Vol. 3, No. 1
1998 Visionaries set stewardship standard
Halifax, Nova Scotia ---- In recognition of their innovative, creative, and committed efforts to improve the marine environment, the Gulf of Maine Council annually recognizes "visionaries" from each of the five jurisdictions around the Gulf ---- Nova Scotia, New Brunswick, Maine, New Hampshire, and Massachusetts.
"The Gulf of Maine Council's Visionary Awards recognize organizations and individuals who, through their actions, have advanced the Council's goals for protection of the marine environment," said Council Secretariat Manager Andrew Cameron of the Nova Scotia Department of Fisheries and Aquaculture shortly after the Council announced the 1998 award recipients. "The support and commitment of local organizations and individuals are essential elements for protection of the Gulf of Maine," he added. Nova Scotia also presented a separate award to Canadian Broadcasting Corporation Information Morning reporter Pam Berman for her series on lobster conservation in the Gulf of Maine.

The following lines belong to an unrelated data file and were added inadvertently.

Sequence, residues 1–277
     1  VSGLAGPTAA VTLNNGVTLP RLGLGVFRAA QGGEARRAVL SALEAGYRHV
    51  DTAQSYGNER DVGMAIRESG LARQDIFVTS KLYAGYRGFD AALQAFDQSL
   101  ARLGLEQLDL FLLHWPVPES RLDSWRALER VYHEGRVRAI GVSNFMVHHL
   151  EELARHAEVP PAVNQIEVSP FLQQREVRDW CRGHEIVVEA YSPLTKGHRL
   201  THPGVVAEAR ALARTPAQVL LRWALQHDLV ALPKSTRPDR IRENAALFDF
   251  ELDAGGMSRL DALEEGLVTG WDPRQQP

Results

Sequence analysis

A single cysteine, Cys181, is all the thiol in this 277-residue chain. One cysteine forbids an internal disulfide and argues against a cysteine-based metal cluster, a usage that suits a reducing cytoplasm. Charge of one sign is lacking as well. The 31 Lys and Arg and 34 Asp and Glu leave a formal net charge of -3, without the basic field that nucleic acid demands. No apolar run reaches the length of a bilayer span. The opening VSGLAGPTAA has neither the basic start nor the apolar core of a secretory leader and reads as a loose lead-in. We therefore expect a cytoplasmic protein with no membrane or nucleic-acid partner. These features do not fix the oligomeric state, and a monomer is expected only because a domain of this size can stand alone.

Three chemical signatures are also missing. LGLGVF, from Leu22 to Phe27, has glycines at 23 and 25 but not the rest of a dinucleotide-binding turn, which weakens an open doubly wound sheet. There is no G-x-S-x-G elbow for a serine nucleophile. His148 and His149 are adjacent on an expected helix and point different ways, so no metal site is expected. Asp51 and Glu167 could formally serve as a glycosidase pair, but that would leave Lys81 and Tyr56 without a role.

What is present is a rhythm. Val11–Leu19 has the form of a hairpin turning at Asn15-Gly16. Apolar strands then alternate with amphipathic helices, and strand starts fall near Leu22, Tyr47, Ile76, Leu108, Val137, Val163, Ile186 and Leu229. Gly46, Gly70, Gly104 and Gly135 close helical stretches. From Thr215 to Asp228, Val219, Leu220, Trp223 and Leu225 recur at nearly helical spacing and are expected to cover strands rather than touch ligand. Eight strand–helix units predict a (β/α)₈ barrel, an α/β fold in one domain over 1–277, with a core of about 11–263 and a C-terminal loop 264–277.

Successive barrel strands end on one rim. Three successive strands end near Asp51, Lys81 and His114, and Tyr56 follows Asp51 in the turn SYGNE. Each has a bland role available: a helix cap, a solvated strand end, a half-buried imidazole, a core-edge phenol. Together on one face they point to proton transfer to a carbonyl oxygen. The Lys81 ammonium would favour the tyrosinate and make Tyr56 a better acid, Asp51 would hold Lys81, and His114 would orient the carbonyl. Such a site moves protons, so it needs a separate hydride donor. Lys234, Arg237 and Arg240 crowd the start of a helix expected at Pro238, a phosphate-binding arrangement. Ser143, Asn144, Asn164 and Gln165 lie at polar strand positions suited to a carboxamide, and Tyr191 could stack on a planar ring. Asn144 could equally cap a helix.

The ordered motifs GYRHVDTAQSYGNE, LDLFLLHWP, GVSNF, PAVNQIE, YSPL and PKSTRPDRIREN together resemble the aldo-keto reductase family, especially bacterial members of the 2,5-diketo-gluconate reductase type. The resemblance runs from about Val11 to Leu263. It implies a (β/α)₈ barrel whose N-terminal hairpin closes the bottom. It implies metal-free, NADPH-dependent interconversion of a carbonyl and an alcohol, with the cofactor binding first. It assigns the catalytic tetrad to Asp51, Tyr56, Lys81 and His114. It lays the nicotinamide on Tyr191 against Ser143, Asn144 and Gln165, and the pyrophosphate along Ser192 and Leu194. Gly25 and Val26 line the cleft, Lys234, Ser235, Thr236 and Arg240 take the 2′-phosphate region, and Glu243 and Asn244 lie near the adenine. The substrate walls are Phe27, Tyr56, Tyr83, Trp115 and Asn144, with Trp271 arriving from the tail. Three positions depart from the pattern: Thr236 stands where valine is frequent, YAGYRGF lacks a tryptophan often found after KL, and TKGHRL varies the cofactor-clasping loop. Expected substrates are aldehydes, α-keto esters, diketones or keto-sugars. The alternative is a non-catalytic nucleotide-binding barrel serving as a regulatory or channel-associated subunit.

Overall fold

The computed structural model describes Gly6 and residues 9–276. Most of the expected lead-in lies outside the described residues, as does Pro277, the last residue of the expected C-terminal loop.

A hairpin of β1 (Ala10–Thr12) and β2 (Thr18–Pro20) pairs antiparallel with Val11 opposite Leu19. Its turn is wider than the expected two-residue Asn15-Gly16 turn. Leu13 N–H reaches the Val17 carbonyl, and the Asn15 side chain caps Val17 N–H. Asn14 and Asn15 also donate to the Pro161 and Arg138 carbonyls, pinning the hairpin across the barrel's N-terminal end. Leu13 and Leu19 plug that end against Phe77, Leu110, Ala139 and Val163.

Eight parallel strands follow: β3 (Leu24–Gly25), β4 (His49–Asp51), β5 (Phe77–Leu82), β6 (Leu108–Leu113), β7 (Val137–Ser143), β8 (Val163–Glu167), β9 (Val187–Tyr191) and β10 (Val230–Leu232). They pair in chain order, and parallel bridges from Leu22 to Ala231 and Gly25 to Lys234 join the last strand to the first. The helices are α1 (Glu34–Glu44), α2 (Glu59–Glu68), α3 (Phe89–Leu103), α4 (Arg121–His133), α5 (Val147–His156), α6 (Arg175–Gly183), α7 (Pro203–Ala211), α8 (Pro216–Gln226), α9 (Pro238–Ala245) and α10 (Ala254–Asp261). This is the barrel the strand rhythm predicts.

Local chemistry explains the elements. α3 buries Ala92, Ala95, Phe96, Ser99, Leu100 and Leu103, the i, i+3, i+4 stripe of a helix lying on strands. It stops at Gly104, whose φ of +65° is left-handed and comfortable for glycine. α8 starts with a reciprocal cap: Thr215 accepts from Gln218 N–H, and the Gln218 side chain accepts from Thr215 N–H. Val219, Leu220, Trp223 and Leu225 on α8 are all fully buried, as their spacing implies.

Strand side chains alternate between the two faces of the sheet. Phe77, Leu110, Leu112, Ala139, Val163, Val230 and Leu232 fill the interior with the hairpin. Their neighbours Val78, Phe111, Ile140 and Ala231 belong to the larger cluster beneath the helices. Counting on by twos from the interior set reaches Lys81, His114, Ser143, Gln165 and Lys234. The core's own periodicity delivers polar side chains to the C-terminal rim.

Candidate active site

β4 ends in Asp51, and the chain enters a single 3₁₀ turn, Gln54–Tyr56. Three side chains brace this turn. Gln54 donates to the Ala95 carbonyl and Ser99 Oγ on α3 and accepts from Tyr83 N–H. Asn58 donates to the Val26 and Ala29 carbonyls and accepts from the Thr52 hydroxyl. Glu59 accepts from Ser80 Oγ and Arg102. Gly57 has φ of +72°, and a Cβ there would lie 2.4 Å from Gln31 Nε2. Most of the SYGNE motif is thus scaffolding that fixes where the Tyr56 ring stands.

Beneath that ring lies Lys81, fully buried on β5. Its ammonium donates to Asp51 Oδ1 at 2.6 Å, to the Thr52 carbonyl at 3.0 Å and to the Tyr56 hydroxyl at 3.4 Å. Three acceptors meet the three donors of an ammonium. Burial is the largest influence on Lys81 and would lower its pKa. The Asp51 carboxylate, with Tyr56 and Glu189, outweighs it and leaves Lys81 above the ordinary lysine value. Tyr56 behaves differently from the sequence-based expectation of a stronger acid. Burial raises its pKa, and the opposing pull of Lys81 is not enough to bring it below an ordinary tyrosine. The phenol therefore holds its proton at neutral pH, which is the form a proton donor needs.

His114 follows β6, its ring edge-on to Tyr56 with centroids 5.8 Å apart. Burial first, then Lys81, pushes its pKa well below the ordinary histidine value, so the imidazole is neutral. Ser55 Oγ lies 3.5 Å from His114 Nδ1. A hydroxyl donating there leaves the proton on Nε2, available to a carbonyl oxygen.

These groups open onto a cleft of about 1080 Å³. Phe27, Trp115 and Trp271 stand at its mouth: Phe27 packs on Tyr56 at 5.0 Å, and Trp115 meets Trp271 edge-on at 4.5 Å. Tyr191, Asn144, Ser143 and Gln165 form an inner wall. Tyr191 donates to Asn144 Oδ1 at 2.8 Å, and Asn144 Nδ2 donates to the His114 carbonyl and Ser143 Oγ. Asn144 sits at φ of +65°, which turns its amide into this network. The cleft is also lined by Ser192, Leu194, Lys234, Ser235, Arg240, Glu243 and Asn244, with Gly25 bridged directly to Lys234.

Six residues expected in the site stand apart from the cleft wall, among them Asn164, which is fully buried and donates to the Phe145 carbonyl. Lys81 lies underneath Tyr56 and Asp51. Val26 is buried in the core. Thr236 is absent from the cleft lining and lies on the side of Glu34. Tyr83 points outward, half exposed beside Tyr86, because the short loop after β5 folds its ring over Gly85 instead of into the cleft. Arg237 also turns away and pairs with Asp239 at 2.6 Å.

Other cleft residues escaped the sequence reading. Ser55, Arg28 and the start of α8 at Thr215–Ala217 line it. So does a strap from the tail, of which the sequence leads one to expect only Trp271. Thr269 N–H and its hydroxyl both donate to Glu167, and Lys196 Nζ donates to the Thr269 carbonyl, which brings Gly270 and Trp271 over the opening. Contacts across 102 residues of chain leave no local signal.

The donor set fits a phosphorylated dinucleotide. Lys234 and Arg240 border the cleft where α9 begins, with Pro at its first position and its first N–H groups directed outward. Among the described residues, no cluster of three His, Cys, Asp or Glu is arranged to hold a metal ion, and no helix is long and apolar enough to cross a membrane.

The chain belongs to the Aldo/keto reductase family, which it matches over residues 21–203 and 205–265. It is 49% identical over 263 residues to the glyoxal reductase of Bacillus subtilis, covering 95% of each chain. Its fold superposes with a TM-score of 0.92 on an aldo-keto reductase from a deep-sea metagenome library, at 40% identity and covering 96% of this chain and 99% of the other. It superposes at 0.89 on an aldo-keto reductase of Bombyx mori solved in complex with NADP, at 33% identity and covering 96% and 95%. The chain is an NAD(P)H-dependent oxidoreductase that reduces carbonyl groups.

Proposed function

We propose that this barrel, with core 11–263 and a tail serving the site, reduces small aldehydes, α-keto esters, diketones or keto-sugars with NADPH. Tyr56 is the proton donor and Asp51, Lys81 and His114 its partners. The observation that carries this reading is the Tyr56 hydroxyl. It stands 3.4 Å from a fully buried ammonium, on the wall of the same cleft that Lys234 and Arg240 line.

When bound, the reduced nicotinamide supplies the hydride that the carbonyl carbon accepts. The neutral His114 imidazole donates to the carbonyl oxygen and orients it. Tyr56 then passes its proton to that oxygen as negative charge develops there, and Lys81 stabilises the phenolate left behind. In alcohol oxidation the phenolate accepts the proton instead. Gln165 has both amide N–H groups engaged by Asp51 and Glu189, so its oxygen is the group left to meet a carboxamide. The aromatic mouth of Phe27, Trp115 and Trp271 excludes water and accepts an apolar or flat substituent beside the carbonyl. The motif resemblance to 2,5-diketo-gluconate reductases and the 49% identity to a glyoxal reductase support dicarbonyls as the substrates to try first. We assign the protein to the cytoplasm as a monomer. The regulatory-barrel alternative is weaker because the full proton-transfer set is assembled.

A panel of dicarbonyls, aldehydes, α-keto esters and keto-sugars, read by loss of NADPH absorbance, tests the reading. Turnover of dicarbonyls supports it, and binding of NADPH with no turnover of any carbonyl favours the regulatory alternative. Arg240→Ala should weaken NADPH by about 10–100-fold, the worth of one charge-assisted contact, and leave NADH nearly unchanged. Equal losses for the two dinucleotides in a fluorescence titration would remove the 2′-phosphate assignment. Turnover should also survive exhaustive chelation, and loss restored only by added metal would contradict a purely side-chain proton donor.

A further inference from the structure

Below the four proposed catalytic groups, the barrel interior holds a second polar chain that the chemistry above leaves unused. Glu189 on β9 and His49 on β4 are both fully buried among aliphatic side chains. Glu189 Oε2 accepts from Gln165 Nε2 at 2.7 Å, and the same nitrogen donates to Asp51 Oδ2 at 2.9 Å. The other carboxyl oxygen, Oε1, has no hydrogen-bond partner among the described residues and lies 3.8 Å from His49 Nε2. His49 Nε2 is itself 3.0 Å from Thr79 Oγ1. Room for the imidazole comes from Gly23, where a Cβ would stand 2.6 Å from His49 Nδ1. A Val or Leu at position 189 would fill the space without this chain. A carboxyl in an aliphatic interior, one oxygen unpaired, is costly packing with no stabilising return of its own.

Arthur A. Longard
The late Arthur ("Art") Longard, who died in December 1997 after a long battle with cancer, is remembered as having dedicated his career to protecting the ocean, one of Nova Scotia's most valuable resources. "He lived and breathed his love for the oceans both in his work and in his recreational private life," says friend and colleague Peter Underwood, Deputy Minister at the Nova Scotia Department of Fisheries and Aquaculture, where Longard had served since 1980 as Director of Policy, Planning and Coastal Resources. Earlier he worked at the federal Department of Fisheries and Oceans. An avid sailor and diver, Longard "had an affinity for all things marine," Underwood says.
Longard was a founding member of the Gulf of Maine Council program, and was the province's long-time representative to the Council's working group. "The thing that he really liked about it was that it did offer an opportunity to look at a piece of space on earth without the political boundaries on it," Underwood recalls. "He always used to say, 'This is the fun file. It's a chance to forget who we are and what our positions are and get together on issues of common concern and have some fun with it.' He had an aura about him that was magnetic and positive."
The Council has created an Art Longard award to be given annually to an outstanding volunteer within the Gulf of Maine region in memory of Longard's belief in citizen volunteerism as essential to sustaining natural resources. The first award will be presented later this year.